Objectives: After surgical or endovascular revascularization, some ischemic lesions will not heal, while some others will heal at a variable period of time from the intervention, indicating a multifactorial interaction between local and systematic "wound healing-promoting" factors. Our objective was to identify predictors of wound healing following revascularization for chronic limb-threatening ischemia (CLTI).
Methods: A literature review was performed to identify published research concerning clinical, biochemical, and noninvasive methods as predictors of wound healing time and wound-free period after surgical and endovascular revascularization for CLTI.
Results: Our review indicated that potential predictors included local wound factors, wound depth, patient's comorbidities, medications, smoking and alcohol abuse, poor vessel runoff, and direct versus indirect revascularization. Among the clinical biomarkers, platelet-derived growth factor, transforming growth factor β, basic fibroblast growth factor, tumor necrosis factor α, interleukin (IL) 1, and IL-6 have been proposed as potential predictors. Furthermore, the potential of noninvasive microcirculation assessment to predict proper wound healing has been the topic of extensive investigation. Among the novel methods, transcutaneous measurement of oxygen partial pressure, skin perfusion pressure, oxygen-to-see method, indocyanine green fluorescence imaging, and multispectral optoacoustic tomography have shown promising results.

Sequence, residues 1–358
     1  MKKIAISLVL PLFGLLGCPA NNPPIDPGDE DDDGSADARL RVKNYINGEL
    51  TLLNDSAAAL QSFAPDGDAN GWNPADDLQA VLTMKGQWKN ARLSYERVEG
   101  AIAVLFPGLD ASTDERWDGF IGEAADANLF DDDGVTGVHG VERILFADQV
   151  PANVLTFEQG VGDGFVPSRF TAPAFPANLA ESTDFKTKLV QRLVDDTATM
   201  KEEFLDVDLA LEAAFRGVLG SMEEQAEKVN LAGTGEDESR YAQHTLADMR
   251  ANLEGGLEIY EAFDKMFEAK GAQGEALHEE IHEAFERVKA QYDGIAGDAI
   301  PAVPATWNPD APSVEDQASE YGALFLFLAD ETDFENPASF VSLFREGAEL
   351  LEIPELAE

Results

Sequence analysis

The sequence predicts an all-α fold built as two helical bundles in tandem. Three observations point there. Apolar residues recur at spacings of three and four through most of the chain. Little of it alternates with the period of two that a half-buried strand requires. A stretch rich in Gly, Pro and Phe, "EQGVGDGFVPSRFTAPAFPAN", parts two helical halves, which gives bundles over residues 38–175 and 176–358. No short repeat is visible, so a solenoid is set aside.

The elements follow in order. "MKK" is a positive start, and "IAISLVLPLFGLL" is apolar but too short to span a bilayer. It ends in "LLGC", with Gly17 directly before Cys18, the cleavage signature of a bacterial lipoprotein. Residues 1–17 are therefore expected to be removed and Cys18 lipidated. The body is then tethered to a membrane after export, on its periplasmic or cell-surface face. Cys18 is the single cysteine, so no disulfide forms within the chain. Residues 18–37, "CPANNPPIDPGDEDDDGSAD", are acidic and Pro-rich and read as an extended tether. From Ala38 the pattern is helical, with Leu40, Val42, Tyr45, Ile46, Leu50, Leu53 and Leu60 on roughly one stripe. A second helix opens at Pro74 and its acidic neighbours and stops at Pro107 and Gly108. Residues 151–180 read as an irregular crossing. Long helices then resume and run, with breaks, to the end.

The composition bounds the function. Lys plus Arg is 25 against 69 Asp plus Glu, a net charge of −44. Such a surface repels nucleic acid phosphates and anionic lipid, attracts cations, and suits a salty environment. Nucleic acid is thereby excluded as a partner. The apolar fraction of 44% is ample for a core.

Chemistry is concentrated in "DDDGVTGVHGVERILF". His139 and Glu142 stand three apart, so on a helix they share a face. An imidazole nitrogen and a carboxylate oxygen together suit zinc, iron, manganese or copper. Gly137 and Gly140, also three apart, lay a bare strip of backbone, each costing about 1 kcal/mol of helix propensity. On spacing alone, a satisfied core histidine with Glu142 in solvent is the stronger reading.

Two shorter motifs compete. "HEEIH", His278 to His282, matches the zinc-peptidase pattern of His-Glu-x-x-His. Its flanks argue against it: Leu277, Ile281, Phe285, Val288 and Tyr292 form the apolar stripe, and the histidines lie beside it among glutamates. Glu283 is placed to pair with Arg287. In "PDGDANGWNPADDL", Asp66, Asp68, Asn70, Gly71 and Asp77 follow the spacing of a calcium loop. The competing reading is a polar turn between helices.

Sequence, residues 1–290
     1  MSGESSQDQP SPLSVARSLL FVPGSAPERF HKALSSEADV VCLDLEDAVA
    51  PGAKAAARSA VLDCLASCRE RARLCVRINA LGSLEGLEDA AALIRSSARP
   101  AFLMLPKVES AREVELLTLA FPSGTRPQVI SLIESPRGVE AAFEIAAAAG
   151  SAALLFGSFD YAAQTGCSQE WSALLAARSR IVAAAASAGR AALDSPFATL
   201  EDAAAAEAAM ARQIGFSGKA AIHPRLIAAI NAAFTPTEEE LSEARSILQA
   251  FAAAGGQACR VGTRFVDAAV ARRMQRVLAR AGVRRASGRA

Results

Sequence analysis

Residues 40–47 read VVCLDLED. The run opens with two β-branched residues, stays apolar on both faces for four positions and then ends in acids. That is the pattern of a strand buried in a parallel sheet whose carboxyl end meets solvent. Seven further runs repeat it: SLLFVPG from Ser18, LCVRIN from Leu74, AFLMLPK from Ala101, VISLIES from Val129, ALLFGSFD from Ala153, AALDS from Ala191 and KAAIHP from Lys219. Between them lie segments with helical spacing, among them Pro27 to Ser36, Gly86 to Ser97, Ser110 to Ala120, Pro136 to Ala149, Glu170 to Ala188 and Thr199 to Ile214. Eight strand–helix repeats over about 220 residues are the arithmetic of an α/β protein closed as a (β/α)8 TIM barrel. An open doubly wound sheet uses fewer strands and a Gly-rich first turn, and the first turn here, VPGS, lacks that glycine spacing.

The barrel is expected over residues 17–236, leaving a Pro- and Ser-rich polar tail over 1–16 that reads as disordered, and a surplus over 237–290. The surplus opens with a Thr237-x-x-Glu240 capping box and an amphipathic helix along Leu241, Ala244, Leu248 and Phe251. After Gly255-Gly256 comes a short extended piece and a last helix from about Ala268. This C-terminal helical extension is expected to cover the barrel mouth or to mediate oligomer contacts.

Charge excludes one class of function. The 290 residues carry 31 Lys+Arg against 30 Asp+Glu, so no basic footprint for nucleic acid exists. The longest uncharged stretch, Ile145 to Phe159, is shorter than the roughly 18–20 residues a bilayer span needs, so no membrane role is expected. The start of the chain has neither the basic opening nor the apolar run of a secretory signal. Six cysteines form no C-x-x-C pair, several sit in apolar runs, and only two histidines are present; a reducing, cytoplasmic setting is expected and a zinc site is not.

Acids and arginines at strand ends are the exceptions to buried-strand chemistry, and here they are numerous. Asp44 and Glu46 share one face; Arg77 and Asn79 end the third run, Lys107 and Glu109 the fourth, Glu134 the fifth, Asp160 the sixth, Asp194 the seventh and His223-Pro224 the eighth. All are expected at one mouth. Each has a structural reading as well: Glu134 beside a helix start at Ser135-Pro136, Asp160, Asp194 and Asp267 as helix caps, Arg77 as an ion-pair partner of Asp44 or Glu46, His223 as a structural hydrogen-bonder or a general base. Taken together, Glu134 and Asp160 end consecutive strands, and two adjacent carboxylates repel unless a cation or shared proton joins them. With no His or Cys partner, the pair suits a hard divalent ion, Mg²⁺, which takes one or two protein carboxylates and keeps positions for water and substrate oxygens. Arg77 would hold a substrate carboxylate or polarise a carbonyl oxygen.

Conclusions: The risk factor profile of an ischemic lesion in the lower extremities with a delayed/failed healing response, following a successful revascularization, is not fully clarified. Although many predictors have been assessed so far, further research needs to be done to identify the optimal clinical and biochemical indices and the noninvasive technique assessing the microcirculation that is associated with complete wound healing.
Keywords: biomarkers; chronic limb-threatening ischemia; revascularization; wound healing.